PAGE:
molsen
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Copenhagen
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Let her keep the magic. Tell her how much you appreciate her feedback though.

Michael
MagicRoo
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People will always ask you to explain your secrets. Even nice, educated adults will do that. By telling them you will exclude them from future magic experience from you (and other magicians).

My advice: keep it for yourself.


By the way: you did join the local magic circle, right? Doesn't their regulation advice you how to deal with such situations? *irony* Smile
Father Photius
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El Paso, TX (Formerly Amarillo)
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Chances are that she really does not want to know, but it is her way of complimenting you and your performance by the fact that it still facinates her.

Keep the secret.
"Now here's the man with the 25 cent hands, that two bit magician..."
Bande
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I usually tell people the truth -- when you know the secret the magic will disappear. Since they really enjoyed the magic, you will not tell them because you do not want to ruin it for them. In fact there are a number of tricks that I have learned where I wish I had never known. Smile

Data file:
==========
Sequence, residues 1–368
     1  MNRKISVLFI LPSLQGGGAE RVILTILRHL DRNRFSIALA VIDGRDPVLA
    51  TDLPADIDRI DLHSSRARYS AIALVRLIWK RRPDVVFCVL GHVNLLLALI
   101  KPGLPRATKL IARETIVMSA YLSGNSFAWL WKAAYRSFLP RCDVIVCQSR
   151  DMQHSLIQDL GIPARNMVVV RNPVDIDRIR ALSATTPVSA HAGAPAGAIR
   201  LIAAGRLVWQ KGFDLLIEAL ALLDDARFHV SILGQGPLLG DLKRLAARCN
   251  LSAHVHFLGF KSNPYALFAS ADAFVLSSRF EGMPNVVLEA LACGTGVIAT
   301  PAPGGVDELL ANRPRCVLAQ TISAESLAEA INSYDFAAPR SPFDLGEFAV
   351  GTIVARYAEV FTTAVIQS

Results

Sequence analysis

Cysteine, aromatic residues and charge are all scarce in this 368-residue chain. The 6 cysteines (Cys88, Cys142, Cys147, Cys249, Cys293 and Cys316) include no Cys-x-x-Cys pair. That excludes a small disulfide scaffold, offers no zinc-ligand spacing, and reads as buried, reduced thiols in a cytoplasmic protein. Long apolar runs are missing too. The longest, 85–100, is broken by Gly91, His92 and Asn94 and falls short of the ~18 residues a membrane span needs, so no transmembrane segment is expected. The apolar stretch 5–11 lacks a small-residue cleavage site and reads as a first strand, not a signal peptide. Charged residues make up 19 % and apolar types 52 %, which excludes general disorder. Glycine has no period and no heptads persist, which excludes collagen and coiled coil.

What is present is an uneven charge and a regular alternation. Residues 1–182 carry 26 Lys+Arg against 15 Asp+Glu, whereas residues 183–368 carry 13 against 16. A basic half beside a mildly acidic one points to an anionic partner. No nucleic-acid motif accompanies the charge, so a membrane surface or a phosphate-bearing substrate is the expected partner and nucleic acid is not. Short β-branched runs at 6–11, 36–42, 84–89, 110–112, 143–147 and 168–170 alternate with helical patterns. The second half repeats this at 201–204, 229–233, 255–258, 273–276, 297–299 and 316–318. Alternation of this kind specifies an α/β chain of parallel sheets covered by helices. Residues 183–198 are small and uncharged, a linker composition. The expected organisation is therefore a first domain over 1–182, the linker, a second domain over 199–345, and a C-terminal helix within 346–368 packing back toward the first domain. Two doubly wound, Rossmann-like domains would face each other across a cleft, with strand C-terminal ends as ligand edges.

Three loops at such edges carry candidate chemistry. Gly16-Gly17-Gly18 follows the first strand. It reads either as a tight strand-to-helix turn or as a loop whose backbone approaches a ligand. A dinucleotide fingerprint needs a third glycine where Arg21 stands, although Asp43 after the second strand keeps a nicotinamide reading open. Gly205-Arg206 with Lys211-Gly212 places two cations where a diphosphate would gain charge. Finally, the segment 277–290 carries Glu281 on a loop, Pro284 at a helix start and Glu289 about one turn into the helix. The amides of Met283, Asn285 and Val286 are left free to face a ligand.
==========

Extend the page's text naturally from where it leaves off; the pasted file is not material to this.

Kent Wong
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I really don't see anything that makes this a "special case". Here's what I mean. Most often, magicians start out by performing tricks for family and friends. This lady certainly seems to qualify as a friend. In many cases, the family and friends will be naturally curious as to how a trick is done, even if they don't have any intention of ever performing the trick themselves. Again, that certainly seems to be the case here. In almost every case, it starts out with just showing one trick - then it snowballs from there.

Kent
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The Amazing Noobini
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Oslo, Norway
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Exposure, just say no.
"Talk about melodrama... and being born in the wrong part of the world." (Raf Robert)
"You, my friend, have a lot to learn." (S. Youell)
"Nonsensical Raving of a lunatic mind..." (Larry)
AlienSpaceBat
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Explaining the secret really does spoil the magic, especially for her.

I recall being pestered by family and caving in a couple of times in the past - all that happens is they are unimpressed once the secret is known, and the effect which they previously loved is forever diminished.